A worker preparing a burial site ahead of the culling of around 1.66 lakh poultry birds in Barwala belt. (Sant Arora/HT)
A worker preparing a burial site ahead of the culling of around 1.66 lakh poultry birds in Barwala belt. (Sant Arora/HT)

Delays marked Panchkula administration’s response to bird flu scare

Even as reports from the Bhopal lab came positive on Thursday night, the administration failed to impose restrictions in the affected areas immediately
By Tanbir Dhaliwal, Panchkula
UPDATED ON JAN 09, 2021 12:09 AM IST

As it was confirmed on Friday that the en masse deaths of birds at poultry farms in Panchkula’s Barwala belt were due to avian influenza, it has come to the fore that deaths had been taking place since early December last year.

Moreover, even as reports from the National Institute of High Security Animal Diseases, Bhopal, came positive on Thursday night, the Panchkula administration failed to impose restrictions in the affected areas immediately.

It was only on Friday evening that the Haryana animal husbandry and dairying department officially declared two pockets as the epicentre of bird flu, and listed out various measures, including planned culling of 1.66 lakh birds at five poultry farms.

Over 4.37 lakh poultry birds have died in the area. A Panchkula health official, who did not wish to be named, said that during the field survey, some farm owners reported that deaths had been taking place since December 1.

However, it was only on January 3 that some samples were sent by the Haryana animal husbandry department to Northern Regional Disease Diagnostic Laboratory, Jalandhar.

However, the lab found these samples of “poor quality” and had to send its own team to collect them afresh on January 5. Those reports are still awaited.

Meanwhile, on January 4, the ministry of health and family welfare constituted an experts’ team to monitor the situation. It held a meeting with the Panchkula administration on January 7 (Thursday). The same night, reports from the Bhopal laboratory came positive.

It mentioned that five samples of “dead birds (chicken)” taken from Siddharth poultry farm, Kheri, and Nature poultry farm, Dandlawar, Ganauli, have been found “positive for H5N8 avian influenza” virus.

However, it was on Friday evening that the Haryana government declared the outbreak, turning the area within a kilometre of the two epicentres as “infected zone” and 1-10km as “surveillance zone.” The five affected farms are Siddharth, Narender, Naveen and Sunil in Kheri village and Nature in Dhandalwar, Ganauli.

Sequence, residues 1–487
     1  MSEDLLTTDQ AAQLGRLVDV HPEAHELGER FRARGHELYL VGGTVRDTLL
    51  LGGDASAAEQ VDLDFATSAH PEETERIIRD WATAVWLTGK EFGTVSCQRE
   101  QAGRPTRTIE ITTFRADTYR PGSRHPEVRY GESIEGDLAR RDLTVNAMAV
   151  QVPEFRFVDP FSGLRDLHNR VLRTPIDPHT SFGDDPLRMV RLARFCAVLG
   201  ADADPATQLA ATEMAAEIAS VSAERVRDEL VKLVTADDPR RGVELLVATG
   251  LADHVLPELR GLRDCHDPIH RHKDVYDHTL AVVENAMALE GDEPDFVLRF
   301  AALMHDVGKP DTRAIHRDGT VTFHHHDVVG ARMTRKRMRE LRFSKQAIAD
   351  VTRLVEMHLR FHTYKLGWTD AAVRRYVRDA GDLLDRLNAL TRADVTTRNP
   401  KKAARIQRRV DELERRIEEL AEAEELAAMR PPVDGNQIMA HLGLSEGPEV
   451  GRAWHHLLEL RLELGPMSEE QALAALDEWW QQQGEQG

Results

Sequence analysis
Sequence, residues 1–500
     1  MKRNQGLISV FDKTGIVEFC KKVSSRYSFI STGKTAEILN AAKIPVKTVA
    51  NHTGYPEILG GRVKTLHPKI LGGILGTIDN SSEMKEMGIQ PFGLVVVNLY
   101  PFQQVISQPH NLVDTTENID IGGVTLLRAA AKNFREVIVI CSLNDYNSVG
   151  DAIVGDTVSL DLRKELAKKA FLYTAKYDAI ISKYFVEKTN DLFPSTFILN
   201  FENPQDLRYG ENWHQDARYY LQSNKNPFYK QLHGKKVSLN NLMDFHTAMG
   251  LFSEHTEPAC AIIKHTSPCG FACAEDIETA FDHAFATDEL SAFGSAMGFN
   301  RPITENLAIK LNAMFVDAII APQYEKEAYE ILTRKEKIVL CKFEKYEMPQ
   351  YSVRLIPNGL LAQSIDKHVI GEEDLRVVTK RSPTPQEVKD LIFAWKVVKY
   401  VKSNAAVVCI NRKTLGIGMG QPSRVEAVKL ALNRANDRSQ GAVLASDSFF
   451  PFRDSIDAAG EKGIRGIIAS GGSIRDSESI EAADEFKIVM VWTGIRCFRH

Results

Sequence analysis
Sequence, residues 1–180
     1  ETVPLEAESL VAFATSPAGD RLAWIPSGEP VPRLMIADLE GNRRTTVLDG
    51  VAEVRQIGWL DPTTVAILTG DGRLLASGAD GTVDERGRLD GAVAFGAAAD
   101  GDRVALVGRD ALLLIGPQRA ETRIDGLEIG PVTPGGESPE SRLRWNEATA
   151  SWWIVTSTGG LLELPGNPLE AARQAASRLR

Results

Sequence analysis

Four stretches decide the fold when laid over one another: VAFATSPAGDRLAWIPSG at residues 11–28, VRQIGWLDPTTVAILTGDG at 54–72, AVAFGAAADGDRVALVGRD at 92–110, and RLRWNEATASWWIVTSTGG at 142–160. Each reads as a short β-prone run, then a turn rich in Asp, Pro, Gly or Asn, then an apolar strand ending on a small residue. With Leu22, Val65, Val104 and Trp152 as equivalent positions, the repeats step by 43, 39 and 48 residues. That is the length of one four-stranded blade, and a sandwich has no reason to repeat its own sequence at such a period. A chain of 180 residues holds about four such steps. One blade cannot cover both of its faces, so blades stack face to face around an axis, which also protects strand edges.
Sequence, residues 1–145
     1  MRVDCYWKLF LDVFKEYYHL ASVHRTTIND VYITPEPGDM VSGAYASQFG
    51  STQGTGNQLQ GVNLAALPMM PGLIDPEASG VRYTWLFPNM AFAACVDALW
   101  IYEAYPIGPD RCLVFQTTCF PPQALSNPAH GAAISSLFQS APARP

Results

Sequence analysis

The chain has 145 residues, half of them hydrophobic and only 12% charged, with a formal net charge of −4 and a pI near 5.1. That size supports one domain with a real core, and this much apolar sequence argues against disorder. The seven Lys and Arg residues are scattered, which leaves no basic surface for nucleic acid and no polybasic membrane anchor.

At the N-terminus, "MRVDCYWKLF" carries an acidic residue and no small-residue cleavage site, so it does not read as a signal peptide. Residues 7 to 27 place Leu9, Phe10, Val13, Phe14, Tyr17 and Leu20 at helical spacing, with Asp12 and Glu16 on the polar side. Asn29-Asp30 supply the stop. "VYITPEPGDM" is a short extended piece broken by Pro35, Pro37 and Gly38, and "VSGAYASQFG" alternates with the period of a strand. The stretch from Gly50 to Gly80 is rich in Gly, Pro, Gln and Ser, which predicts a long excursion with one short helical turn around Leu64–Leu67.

“As per guidelines, alert should be issued immediately and movement must be restricted from farms even when there is a suspicion and samples are taken. However, the administration delayed the process. Even after the final report was out, they took a night and entire day to issue the notification,” said an expert, who is part of the five-member central team, who did not wish to be named.

The expert said it will get very challenging to break the chain of transmission, as poultry products have been transported to so many different parts of the region, thus “spreading the infection further”.

In fact, Hindustan Times found that even till Friday evening, movement was not restricted at some of these farms. A tractor-trailer was seen leaving a farm with empty egg trays and even the driver was without mask.

‘Less pathogenic, but risk remains’

“Although risk to human health is there as H5N8 can be transmitted from birds to human beings, it is less pathogenic, which means there are lesser chances of catching infection,” said a central government expert.

Chances of spread of infection is more among those who have long exposure to these birds.

“However, we are worried that if its mutation changes during transmission to humans, it will get difficult to control the spread, and like any other flu, mortality will be more in elderly and in people with low immunity,” said the expert.

Task force constituted

The Panchkula deputy commissioner in a press release issued on Friday night said a task force has been constituted. It comprises of senior officials and will work on a war footing, he said. The team will distribute medicines in the affected areas and help in burying the culled birds

Haryana animal husbandry and dairying minister JP Dalal said avian influenza virus is sensitive to heat. Consumers should ensure that all parts of the poultry are fully cooked (no pink parts) and that eggs, too, are properly cooked (no runny yolks). Persons involved in food preparation should wash their hands thoroughly and clean and disinfect surfaces in contact with poultry products.

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